Nine Inch Nails Live in Nottingham

NIN 05

A blustery and damp Saturday night welcomes the first proper UK tour from Nine Inch Nails since they waved goodbye in 2009. The arena isn’t full to the brim but it’s bursting with a definite sense of excitement and expectation. Trent has a renewed passion for Nine Inch Nails after being away for a while and the fans are eager to get reacquainted with the legendary band.

NIN 04Appearing onstage to the opening bars of ‘Somewhat Damaged’ in a cloud of dry ice and just a hint of what was to come in the lightshow department; that subdued Sonisphere show of 2009 quickly becomes a distant memory. NIN are here to rock this place.

The set-list is front loaded with absolutely massive songs and gets the floor swirling from the start. ‘Terrible Lie’ followed by the chaotic ‘March of the Pigs’ into ‘Piggy’; it’s clear that nothing is being held back tonight. Trent, as always, keeps busy between being the vocalist, taking position behind his keyboards and various contraptions and occasionally straps his guitar on and goes into full-on rocking out mode. The only thing he doesn’t do is interact with his audience, but the day he starts cracking jokes and shouting “Are you with us?” will be a cold and miserable day in Hell.

If there is a Hell…

Robin has just as many duties, but it’s when he picks up the guitar during the time-honoured Industrial barrages such as ‘Wish’ that he looks at his most impressive. It’s not just the Trent show with Robin around.

The “Fifth member”, or in this incarnation of NIN, the sixth member of the show is the production. The large digital screen moves around, sometimes carving the stage into a more intimate size, sometimes flying high above the band. It projects various images from the traditional twisted and disturbing video footage from the likes of ‘Closer’ to mesmerising psychedelic displays. Coupled with an ever-changing light show and a plentiful helping of dry ice; NIN create a spectacle fitting of the arena setting.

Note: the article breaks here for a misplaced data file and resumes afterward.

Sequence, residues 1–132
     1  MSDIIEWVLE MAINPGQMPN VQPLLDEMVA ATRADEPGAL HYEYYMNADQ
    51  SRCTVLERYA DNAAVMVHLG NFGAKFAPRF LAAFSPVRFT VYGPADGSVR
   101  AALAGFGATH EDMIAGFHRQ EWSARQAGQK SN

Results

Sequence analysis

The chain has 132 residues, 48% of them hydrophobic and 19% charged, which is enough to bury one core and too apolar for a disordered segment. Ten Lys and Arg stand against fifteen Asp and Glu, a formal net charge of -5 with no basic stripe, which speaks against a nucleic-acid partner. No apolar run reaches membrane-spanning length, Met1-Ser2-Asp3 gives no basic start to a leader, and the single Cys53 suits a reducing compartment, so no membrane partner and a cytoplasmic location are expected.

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When you still have tunes the size of ‘Head Like a Hole’ to finish up with however, they could well be playing by torchlight and the crowd would still be lost in that iconic chorus. There aren’t many people in attendance not shouting it back at the band just as fiercely as it’s delivered to them. A set-closer and-a-half before the short encore.

‘The Day the World Went Away’ is delivered in front of a suitably apocalyptic plain orange background before ‘Hurt’ finishes things off in emotional and subdued style.

The continual evolution of Nine Inch Nails over the years has led to a varying and contrasting catalogue of songs. To be able to weld those different approaches together into a seamless show like this must be no small undertaking, but it looks effortless. Trent Reznor had nothing to prove when he brought back the band from hibernation, but just in case anyone had any doubts; he’s melted our faces off tonight.